Oculus Touch, the handheld VR controllers that let you throw balls and knives at things that don’t exist, will come out on December 6. The whole kit costs $199 and includes two sensors needed to detect the controllers. Of course, if you want to play in a bigger space you might need another sensor – and that’s another $79. Not to mention that you will then be dragging wires all over your living room as if you’re setting traps for rabbits. This was all announced at the Oculus Connect 3 conference. But how many games will there be? And what will they be? Well, come with me and I’ll tell you.
There’ll be 35 games. That is, 35 which are Touch-capable, on top of those already available. Some of them even look good (click on these links to see some trailers). There’s Arktika.1, a shooter from the developers of Metro 2033, set in a frozen facility that looks to be overrun by mutant nasties. Then there’s Lone Echo, a sci-fi spacewalking adventure that looks a lot like a more futuristic Gravity, with your robot character cutting panels open with lasers and grabbing calmly onto the handrails of a space station before things inevitably go spacewrong. Meanwhile, Robo Recall from Epic Games is an on-rails (on-the-spot?) first-person shooter with silly robots. A software developer announced this robot murder-em-up with a parody tech ad, featuring calm voices and tranquil music and white backgrounds, perhaps lacking the self-awareness he was speaking at a technology conference full of exactly the same utopian rhetoric.
There were also some glimpses of what Oculus is working on next – a prototype wireless VR headset was briefly shown, with Marky Zucks saying he hoped this product, when it finally gets made, will lie somewhere between the kind of VR headset which you slot your mobile phone into and the full-fat cyber-noose of a PC headset.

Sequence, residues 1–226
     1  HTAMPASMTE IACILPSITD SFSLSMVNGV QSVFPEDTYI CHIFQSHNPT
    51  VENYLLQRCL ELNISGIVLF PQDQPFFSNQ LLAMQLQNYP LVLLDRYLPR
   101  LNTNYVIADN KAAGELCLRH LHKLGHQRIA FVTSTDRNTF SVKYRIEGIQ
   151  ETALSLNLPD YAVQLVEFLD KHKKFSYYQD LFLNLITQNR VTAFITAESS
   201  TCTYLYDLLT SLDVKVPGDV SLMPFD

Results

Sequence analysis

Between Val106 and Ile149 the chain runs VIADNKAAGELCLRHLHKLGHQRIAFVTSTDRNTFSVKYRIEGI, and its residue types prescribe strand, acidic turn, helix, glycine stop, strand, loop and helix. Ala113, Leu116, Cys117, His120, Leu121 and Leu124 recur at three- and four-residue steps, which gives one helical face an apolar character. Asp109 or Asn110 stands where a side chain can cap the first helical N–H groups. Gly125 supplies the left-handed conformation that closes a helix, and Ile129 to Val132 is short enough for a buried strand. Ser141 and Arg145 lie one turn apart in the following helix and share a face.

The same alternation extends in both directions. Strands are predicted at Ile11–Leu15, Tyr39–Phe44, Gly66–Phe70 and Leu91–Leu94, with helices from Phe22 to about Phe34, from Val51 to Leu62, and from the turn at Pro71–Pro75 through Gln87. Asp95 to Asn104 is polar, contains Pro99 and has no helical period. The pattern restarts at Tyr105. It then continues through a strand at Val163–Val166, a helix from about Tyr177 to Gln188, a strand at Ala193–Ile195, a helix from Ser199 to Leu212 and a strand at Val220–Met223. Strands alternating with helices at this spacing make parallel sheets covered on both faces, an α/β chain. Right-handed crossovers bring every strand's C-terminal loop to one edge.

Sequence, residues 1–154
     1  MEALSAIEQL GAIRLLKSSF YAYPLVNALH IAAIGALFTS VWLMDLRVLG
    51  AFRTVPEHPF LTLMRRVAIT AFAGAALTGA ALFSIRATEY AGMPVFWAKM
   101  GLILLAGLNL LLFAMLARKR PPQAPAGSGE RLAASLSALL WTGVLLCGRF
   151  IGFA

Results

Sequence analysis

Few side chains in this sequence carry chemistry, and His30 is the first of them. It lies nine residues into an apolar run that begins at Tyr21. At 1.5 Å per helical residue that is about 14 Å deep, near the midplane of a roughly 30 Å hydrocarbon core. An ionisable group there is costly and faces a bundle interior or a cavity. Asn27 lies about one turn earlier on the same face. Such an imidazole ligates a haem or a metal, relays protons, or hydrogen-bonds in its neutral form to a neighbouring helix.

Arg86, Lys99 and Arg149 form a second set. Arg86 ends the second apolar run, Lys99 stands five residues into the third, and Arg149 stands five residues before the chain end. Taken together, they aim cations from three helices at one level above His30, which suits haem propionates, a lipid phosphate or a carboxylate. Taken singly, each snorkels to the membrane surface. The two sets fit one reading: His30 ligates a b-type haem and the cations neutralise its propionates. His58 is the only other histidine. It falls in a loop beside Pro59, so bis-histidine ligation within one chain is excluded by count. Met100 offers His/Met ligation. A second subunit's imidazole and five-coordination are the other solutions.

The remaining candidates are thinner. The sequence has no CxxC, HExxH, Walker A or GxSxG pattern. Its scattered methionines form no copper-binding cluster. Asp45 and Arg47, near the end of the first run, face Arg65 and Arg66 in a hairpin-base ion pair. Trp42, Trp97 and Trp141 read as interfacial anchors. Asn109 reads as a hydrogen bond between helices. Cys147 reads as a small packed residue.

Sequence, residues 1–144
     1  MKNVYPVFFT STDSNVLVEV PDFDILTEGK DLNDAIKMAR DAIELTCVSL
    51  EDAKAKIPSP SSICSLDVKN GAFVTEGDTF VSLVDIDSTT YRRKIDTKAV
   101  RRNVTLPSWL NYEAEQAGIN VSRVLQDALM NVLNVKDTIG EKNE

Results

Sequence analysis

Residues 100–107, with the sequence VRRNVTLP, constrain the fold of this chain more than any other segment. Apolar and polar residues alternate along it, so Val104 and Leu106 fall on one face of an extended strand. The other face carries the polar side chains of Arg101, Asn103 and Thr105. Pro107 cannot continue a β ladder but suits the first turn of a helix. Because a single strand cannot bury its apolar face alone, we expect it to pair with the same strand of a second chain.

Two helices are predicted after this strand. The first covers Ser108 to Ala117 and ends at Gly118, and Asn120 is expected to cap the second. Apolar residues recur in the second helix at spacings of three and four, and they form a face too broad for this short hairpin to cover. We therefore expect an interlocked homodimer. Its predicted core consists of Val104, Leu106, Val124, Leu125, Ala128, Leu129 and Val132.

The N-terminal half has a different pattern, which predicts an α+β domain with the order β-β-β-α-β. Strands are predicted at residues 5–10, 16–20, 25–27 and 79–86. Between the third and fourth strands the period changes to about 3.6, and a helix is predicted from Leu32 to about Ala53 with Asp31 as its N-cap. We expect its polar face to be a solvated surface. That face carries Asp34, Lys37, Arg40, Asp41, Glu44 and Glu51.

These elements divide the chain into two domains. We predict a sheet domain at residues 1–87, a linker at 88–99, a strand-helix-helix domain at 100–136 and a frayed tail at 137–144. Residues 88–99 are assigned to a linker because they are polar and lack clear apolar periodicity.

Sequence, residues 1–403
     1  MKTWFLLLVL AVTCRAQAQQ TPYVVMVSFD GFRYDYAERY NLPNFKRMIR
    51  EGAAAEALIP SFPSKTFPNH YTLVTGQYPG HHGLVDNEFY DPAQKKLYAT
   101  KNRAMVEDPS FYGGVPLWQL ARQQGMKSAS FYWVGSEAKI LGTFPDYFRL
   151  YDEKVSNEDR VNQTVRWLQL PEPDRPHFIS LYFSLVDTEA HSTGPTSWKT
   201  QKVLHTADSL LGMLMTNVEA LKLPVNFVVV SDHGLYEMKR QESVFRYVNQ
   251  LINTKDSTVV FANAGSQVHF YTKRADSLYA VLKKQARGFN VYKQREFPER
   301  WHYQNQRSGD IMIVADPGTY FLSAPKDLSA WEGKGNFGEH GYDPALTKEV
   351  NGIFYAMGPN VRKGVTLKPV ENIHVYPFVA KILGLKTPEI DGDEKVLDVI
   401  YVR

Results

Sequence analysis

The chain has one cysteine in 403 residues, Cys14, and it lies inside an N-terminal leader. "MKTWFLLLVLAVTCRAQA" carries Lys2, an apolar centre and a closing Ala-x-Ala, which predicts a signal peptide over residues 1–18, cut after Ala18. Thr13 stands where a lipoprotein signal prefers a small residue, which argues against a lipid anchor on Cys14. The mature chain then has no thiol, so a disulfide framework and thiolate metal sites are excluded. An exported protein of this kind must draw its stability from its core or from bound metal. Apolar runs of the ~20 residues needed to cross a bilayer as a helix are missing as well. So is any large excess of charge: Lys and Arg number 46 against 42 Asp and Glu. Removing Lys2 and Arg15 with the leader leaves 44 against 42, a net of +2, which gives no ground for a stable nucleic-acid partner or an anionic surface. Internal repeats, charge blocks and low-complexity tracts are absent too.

For now, there were a few other features Oculus wanted to share. There was an avatar editor that gives users a floating bust and lets you dress it up. You can go to a dressing room and put on aviators and scarves and then cover yourself in weird metallic paint so you look like a memorial to all those who died in Top Gun. You can then meet up in virtual spaces innovatively called ‘Rooms’ which are places where you can watch videos with pals or play poker or other games together. One image during the conference showed a man playing pool with another virtual person, who was holding a virtual drink in his virtual hand for reasons yet to be understood.
The Oculus Touch was delayed earlier this year. So early adoptnerds will be glad to see it come out in time for them to splurdge their Christmas bonus on it. In the meantime, I may be full of snark for VR but it certainly looks like Silicon Valley is getting behind it. The main question in my mind remains whether the entry price is too high for Joe Videogames. I would certainly love to stick my head into Elite: Dangerous or have a go at shooting those funny robots, but the cost of the kit makes me break down into hysterical laughter. And it’s my job to get into this stuff. Despite one developer during the conference insisting that the line-up of games is not made of ‘tech demos’, that is precisely what each of them looks like to me – not enough to justify the sky-high price. What do you think? When will VR really take off? Will it ever? Tell me because I don’t know.